Probably, Claire thought. He’d been in love with a vampire named Ada who— according to everyone who’d known her in life— had lived to defy the expectations of those around her, even while looking prim and proper. And I might fit that definition, too, she thought. From time to time, Myrnin had looked at her with something that might actually be longing . . . but he’d been pretty definite from the beginning that his fascination was with her mind, not her body.

And Myrnin did take loving a girl for her brain a little too lit- erally. Look what had happened to Ada: he’d saved her by putting her brain in a jar, plugging her into a computer that ran on blood, and pretending it was some kind of genuine life.

She couldn’t imagine Jesse letting him do anything like that.

And maybe that was just what he needed: someone to set limits for him. Limits that Claire, as a human, couldn’t set and keep.

“Jesse— Michael looked bad. Is he going to be all right?”

Jesse cocked her head, and the heavy braid of red hair slid over one shoulder. “I think so. We’re latecomers, so we’re lucky; most of the poor bastards in here have been on the Daylighters formula for more than two weeks, which means that they’re hungry enough to drink cockroach juice and pretend it’s B positive. Michael’s just not as used to being deprived.”

“Why would the Daylight Foundation do a thing like that? Make vampires more hungry? Doesn’t it put their own people in danger?”

“Of course it does,” Jesse replied. “And the most effective way to demonize your enemy is to make them monsters. Most wars just do it through propaganda, but the Daylighters seem to feel it’s more effective if they actually reduce us to fangs and rage. It doesn’t take much to convince the average citizen of Morganville that we’re parasites that need killing. We’ve certainly acted that part often enough.” She looked sad and a little angry as she said it. “It’s why I left this place. Because Amelie was too much in the past, too steeped in tradition, and convinced of the superiority of the vampire. I warned her that things needed to change, but it’s never comfortable between us; we’ve both been rulers, once upon a time, and trust me, two queens can’t ever really be friends. It may be harsh, but in some ways, she’s reaping what she sowed.”

Jesse had left Morganville long before Claire had arrived, and Claire could well imagine that Jesse wouldn’t have been shy about her opinions. Amelie could be open- minded, but she didn’t like direct challenges . . . and probably especially not from a vampire who’d been a queen once, even for a brief time.

“So they plan to let vampires out on a rampage? Then catch them and prove once and for all the vamps are a threat that has to be eliminated? Why not just do it without all the bloodshed? It’s not like there’s anybody much objecting that I can tell.”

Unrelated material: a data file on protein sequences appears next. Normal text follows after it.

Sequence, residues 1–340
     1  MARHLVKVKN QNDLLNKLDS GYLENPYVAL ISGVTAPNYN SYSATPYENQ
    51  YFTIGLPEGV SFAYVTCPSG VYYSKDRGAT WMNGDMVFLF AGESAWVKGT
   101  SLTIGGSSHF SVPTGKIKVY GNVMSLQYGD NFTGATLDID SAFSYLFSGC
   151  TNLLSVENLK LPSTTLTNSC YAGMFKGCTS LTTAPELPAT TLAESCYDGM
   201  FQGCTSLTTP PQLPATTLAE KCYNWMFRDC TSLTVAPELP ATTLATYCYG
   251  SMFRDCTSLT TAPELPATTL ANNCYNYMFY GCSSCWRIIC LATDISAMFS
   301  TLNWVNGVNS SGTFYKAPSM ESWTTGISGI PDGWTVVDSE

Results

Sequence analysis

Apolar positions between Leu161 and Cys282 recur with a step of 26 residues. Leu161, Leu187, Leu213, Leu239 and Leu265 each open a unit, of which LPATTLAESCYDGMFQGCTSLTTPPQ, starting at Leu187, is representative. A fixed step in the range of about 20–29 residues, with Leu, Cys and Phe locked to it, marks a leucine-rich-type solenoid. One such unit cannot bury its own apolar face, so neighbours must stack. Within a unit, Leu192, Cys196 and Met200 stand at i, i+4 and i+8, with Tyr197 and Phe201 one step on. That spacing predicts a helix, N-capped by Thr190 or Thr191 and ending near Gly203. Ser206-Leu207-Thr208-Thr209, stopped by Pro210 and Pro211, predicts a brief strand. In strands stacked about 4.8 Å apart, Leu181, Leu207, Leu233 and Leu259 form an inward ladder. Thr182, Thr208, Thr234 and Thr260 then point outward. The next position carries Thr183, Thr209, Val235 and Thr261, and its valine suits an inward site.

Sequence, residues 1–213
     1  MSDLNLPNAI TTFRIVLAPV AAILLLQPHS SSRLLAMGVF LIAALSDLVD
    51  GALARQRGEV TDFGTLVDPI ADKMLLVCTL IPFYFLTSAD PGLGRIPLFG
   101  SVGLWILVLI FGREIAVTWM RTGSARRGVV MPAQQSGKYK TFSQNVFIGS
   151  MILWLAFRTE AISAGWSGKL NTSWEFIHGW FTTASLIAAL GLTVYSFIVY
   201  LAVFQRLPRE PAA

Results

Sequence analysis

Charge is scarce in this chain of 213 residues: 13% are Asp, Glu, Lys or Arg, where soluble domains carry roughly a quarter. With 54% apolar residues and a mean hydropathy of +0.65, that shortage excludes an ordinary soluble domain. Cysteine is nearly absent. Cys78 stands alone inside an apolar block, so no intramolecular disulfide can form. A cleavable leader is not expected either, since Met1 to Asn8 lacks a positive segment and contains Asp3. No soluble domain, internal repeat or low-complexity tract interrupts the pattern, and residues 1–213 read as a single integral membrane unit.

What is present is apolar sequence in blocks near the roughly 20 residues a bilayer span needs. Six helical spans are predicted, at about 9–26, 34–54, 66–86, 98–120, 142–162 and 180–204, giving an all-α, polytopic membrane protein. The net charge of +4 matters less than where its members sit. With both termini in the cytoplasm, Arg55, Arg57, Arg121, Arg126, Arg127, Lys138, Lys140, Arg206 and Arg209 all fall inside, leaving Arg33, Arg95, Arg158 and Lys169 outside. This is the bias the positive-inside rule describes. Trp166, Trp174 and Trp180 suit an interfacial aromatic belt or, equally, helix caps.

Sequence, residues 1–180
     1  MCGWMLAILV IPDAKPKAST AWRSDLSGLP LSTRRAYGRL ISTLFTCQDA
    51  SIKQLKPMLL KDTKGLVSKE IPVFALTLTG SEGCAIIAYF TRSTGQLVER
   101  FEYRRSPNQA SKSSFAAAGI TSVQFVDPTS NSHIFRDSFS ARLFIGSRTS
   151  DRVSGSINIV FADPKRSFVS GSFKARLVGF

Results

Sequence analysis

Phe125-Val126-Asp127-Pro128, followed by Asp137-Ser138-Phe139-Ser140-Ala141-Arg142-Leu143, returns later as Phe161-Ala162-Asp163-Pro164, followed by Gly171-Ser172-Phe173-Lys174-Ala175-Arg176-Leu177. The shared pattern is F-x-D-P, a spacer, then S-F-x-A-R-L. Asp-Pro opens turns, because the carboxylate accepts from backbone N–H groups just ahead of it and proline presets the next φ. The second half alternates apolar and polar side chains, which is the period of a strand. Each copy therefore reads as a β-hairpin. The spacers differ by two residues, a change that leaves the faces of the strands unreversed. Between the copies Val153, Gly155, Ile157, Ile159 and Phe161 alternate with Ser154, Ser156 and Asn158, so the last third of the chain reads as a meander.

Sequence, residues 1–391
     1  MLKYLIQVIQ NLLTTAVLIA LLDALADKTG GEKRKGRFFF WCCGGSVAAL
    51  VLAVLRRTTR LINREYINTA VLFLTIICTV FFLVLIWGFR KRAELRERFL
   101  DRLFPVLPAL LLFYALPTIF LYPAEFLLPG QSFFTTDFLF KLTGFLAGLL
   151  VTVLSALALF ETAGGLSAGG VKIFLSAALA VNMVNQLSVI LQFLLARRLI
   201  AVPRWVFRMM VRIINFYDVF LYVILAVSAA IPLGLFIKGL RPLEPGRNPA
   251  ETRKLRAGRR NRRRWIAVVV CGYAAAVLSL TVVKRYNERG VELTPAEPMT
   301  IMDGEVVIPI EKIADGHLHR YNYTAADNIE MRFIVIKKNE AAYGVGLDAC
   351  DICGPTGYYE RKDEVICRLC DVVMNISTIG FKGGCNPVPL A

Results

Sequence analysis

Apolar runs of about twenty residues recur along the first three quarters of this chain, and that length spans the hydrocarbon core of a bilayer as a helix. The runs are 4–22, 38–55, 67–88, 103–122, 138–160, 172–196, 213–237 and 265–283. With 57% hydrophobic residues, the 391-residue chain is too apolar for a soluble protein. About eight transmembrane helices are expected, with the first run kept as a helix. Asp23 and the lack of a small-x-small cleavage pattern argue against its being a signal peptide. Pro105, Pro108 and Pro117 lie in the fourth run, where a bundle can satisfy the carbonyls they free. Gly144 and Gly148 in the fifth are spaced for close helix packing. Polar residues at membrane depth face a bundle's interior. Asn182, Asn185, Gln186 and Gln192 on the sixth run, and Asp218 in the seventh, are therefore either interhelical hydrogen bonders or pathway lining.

“Because Fallon doesn’t like to be the villain,” Jesse said. “He never has, as far as I can tell, and I think he needs the justification.

In his eyes, he’s on the side of right, and there are few out there who’d dispute it, but to be a hero, he needs villains.” The weight of Jesse’s gaze felt oddly intense now, and Claire wondered what she was thinking . . . and if she was being judged for some shortcom- ing as simple as breathing and having a heartbeat. “I have a ques- tion, Claire.”


“What makes you so well disposed toward vampires? I’ve lived here; I know what a pack of hyenas we can be, with very little warning. There’s little about us that ought to compel your pity, not to mention your loyalty.”

“You don’t think much of your own people, do you?”

“Not much,” Jesse agreed with an offhand shrug. “We’re a sad lot, in general, clinging to the past and to our own survival, no matter the cost to the lives of others. If I was in your shoes, I’m not sure I’d stand in the way of our more or less inevitable ugly fate.

My question stands: why do you?”

Claire opened her mouth to tell her why and then . . . couldn’t, at least not at first. All the logical arguments she would have made seemed fake and cheap as old tinsel. She took a breath, and composed her words more carefully. “Because no matter what any of you have done, you haven’t all done it. Because it’s not right to judge a class of people by the actions of one, or a few. That’s not justice.

It’s prejudice, and I don’t like it. Justice means judging each person individually.”

Jesse’s lips slowly curled into a smile, and her eyes warmed as well. “High- minded,” she said. “I’m not sure you’ll find a lot of people living up to your standard.”

Claire shrugged. “Doesn’t matter if they do or not. It’s my opinion; I’m not trying to make anybody else agree. But I don’t want them forcing their opinions on me.”

“And thus begins the war,” said Lady Gray, who’d once been queen. It sounded as though she knew exactly what she was talking about.